Usually paint on a drop cloth gets there by accident. Hey, drips happen, okay? Don’t judge.
However, there may be a case in which you might want to paint a drop cloth on purpose. Say, if you’re going to use said drop cloth as the fabric for the $20 Garage Sale Settee you’re refinishing. If you missed the previous installments in my Settee Series, I showed you how to De-Upholster & Reinforce the settee.
I also showed you how to strip…
..and remove the old finish. I think I’m the only one amused by my stripper moves in that post. It still makes me laugh, though.
I wanted to give the fabric a little oomph. I love the drop cloth look, but I felt like the settee needed something more. I had several ideas in my head before settling upon the idea of putting maps on the fabric.
The first thing I did was to cut out my fabric. I used the old fabric from the settee as a pattern.
I also made sure to test my ideas on some scraps to make sure I liked how it looked.
I used brown Sharpie Markers that I bought at Hobby Lobby. I used the Fine Point and the Ultra Fine Point.
I found some maps online and printed them onto transparencies. You can buy a package of transparencies from any office store. Most printers will print on them. You just change the paper setting to “Transparency.” Easy, schmeasy.
hijacked used the overhead machine at church and went to work. I tacked the fabric onto a wall section and using the larger Sharpie, went to town drawing the borders. Hubs was bored to tears sweet enough to come over to the church with me and do this activity for a “date night.” Who says romance is dead? We know how to mix it up just fine, thankyouverymuch.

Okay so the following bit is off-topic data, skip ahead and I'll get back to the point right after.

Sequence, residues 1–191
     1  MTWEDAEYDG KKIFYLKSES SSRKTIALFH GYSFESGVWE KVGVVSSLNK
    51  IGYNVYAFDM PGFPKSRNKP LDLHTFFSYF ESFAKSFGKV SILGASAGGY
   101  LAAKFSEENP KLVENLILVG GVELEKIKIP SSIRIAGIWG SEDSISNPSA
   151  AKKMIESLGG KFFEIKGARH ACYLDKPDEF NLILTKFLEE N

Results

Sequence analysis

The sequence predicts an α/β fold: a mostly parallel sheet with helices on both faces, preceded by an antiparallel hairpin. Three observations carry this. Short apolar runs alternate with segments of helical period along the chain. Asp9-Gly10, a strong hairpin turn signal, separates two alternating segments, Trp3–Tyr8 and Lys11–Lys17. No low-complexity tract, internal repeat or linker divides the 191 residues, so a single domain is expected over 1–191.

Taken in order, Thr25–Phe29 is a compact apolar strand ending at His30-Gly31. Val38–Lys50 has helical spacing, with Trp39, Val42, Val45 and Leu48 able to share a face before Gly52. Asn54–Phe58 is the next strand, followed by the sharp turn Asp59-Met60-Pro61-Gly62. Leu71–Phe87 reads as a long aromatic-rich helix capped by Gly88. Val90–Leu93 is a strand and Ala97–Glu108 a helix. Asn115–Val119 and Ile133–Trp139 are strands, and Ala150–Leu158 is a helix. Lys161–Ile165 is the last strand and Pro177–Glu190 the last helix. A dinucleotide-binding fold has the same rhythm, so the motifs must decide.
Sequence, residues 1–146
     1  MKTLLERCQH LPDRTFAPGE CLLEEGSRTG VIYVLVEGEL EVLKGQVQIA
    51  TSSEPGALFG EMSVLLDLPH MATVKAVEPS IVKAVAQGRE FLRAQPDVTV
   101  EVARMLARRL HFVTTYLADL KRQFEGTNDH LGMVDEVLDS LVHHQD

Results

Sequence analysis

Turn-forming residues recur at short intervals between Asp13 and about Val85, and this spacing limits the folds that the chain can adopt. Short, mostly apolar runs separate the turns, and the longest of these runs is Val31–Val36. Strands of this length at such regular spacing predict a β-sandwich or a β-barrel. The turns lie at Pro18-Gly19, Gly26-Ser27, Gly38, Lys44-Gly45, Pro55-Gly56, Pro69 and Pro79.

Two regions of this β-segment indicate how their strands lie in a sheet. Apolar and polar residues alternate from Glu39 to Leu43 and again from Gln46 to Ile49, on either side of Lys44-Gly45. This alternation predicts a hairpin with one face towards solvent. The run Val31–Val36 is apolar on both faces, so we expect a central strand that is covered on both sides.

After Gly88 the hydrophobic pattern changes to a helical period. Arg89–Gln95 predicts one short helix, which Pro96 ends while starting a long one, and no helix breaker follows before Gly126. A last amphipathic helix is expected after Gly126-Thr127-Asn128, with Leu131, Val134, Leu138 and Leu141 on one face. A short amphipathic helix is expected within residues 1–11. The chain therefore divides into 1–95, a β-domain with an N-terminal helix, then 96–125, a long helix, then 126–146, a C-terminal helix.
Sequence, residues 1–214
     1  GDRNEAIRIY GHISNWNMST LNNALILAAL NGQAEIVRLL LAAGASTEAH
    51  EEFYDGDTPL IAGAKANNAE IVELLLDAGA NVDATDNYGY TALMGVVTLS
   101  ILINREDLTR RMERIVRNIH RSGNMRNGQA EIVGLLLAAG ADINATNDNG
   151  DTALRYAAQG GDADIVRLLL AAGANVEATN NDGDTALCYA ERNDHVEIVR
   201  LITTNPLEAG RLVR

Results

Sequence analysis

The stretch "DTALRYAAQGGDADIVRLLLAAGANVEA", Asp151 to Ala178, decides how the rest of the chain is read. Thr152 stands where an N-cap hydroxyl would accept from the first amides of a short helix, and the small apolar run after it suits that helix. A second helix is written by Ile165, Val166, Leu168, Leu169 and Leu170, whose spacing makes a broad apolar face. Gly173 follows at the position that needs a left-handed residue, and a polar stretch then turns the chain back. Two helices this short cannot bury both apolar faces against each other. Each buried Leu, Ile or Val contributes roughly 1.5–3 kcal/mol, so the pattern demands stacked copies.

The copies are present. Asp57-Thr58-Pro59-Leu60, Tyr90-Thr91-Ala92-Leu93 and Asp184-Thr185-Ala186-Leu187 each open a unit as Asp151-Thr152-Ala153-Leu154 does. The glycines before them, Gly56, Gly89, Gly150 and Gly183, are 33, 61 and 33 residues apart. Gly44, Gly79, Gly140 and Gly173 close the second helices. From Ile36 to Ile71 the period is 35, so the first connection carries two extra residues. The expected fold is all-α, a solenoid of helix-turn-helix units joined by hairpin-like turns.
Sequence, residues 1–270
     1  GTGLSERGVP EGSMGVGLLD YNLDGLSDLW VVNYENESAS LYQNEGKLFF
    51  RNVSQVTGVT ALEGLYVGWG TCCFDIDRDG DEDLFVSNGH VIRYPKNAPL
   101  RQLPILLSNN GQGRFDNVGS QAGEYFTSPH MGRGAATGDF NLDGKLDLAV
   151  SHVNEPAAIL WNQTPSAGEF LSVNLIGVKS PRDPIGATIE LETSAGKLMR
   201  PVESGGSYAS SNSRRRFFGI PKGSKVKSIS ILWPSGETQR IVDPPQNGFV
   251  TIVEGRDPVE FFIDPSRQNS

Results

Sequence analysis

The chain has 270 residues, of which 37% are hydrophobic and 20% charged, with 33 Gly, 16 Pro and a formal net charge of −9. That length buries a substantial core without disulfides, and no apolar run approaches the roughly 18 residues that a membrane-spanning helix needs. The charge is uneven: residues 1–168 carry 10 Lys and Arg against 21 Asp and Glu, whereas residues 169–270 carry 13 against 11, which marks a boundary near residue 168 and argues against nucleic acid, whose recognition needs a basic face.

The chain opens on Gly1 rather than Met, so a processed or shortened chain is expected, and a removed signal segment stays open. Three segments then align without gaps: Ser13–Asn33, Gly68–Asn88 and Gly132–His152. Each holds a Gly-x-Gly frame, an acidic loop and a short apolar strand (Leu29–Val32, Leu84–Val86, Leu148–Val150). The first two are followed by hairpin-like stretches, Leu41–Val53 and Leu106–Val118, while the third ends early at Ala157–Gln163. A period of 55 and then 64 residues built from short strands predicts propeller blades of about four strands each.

I’m no cartographer, that’s for sure. The scale is wrong. In fact, Hawaii is very close to the continental US now and about a bajillion times larger. I have Hawaiian ancestors, though, and I wanted to represent them.
We have a lot of European/British ancestors. I wanted this portion of the map bigger so I could put more names in these areas.
After I got the maps drawn onto the fabric it was time to paint.
I dug into my box of Acrylics. Some of these haven’t been used in years. In fact, the Burnt Sienna was very thick and I had to thin it down with some water before I could even get it to come out of the bottle!
I can’t tell you ratio I used. The I did a few squirts of each color and filled the glass with water. After stirring them together, I tested them on some scrap and dried the fabric to see the final color.
I recommend mixing way more than you think you’ll need, especially if you’re mixing colors. It’ll be ridiculously difficult to match the colors if you run out. Trust me on this point.
I used the brown color to outline the map details.
When you paint with such watered down paints, a funny thing happens. The color stays in the area where you painted it, but the moisture bleeds out into the fabric. It will look like a very large area is painted, when it’s really just wet. I let the fabric air dry while I worked on the other sections. After about an hour, I threw them in the dryer to finish drying.
While researching maps, I came upon an image of a map from 1570. I copied the symbols from it. If you’re not familiar with map symbols, this is a compass rose. It’s used to show direction on the map. The North point is the Fleur-de-lis. I liked this symbolism here. A Fleur-de lis is a stylized lily. In French, “fleur” means “flower” and “lis” means “lily.” My name, also means “lily.” I like how that represents me.